The United Nations said that even before the recent security chaos, there were about 300 gangs controlling 80 percent of the capital.

Chérizier was allied with Jovenel Moïse, the president of Haiti, who was assassinated in 2021, before Henry was appointed.

The Insight Crime Foundation reported that the Chérizier gangs received half of their income from Moïse, but he also benefited from the vacuum left by his death, after the collapse of the state during the reign of Henry.

Haiti has not witnessed an elected president or parliament since elections in 2016. The last term of Haitian senators ended at the beginning of 2023.

Henry, who was appointed by Moise before his assassination, was supposed to leave office in early February.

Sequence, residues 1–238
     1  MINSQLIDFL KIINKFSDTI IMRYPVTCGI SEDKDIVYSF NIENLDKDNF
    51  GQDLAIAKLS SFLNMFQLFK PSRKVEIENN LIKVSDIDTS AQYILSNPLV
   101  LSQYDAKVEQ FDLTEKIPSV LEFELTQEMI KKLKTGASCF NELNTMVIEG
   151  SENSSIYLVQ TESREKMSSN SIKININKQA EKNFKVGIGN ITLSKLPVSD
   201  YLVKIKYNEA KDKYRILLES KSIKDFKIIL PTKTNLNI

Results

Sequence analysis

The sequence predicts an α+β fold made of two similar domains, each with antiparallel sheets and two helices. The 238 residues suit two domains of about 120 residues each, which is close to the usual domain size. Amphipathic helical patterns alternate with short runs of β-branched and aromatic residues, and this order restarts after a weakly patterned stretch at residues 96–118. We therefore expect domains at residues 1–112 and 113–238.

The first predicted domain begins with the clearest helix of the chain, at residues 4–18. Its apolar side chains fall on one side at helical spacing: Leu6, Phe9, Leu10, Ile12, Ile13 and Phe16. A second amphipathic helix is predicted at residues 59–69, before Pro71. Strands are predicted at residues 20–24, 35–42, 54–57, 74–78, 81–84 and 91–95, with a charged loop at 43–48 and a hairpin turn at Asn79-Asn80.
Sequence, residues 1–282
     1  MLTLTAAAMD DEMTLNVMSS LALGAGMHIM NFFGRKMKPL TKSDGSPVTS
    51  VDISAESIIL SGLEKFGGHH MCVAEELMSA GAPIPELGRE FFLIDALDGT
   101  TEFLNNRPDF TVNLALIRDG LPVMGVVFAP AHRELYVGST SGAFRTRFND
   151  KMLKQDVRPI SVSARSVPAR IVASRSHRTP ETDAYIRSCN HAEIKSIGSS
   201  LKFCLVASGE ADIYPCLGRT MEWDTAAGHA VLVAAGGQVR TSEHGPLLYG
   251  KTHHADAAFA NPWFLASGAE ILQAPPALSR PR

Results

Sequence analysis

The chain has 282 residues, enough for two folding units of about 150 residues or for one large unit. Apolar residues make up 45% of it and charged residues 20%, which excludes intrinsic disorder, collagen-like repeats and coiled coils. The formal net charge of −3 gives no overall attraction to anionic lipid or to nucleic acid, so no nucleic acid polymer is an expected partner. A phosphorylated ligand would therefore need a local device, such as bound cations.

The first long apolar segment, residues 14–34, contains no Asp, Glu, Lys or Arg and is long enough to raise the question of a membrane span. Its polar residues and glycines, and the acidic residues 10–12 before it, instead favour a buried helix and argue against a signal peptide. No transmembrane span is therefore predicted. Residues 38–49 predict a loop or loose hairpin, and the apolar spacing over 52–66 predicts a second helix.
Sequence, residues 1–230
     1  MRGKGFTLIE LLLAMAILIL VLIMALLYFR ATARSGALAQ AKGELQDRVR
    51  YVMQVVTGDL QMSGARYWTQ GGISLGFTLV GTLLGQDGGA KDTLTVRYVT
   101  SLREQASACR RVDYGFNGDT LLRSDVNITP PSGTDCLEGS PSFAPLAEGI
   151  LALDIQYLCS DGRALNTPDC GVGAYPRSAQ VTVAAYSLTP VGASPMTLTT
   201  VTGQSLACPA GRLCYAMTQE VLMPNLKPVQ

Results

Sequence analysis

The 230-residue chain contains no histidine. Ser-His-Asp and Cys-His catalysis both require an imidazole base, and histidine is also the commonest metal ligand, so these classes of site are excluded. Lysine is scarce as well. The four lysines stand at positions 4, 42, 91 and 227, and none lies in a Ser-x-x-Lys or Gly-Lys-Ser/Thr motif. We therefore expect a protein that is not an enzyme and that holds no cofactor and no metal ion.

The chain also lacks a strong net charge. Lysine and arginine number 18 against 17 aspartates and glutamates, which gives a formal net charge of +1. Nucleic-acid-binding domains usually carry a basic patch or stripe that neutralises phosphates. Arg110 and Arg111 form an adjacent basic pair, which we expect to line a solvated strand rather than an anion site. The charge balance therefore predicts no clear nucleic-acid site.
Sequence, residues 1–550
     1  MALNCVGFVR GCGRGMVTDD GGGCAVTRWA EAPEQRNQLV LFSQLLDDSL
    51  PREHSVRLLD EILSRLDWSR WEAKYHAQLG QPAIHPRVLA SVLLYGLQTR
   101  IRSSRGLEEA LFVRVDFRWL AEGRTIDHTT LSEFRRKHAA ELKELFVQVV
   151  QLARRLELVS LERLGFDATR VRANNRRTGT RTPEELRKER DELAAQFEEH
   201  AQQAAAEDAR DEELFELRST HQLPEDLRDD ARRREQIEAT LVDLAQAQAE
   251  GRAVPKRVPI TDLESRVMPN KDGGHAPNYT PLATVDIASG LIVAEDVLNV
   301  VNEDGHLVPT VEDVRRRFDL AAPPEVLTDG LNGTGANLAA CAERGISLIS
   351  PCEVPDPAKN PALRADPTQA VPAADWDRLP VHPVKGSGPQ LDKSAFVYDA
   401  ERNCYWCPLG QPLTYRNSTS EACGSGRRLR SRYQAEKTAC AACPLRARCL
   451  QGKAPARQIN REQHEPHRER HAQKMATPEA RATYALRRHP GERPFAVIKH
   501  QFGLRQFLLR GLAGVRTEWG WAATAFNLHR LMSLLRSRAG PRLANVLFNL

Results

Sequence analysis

Henry, considered corrupt by many Haitians, has repeatedly postponed the elections, saying security must first be restored.

With no elected officials, many Haitians called for the prime minister to step down, which Chérizier echoed. In doing so, he was able to present himself as “a champion of the people… and portray himself as a revolutionary, like Robin Hood or Che Guevara,” according to the Economist.

The youngest of eight children, Chérizier grew up in a slum in Port-au-Prince.

He says that his father died when he was a child, and that his mother sold fried chicken in the streets to support the family. (This is the origin of his nickname, “Barbecue,” according to some, and not because he set enemies on fire.)

He then joined the Haitian police, before being expelled from service in 2018 due to violations, the most famous of which was his participation in the massacre of the poor neighborhood of La Saline in the capital, where gangs killed at least 71 people and burned 400 homes.

The United Nations imposed Sanctions against him for acts of violence he committed, including the La Saline massacre and “multiple other massacres…participation in acts that threaten the peace, security and stability of Haiti, and planning, directing or committing acts that constitute serious human rights violations.”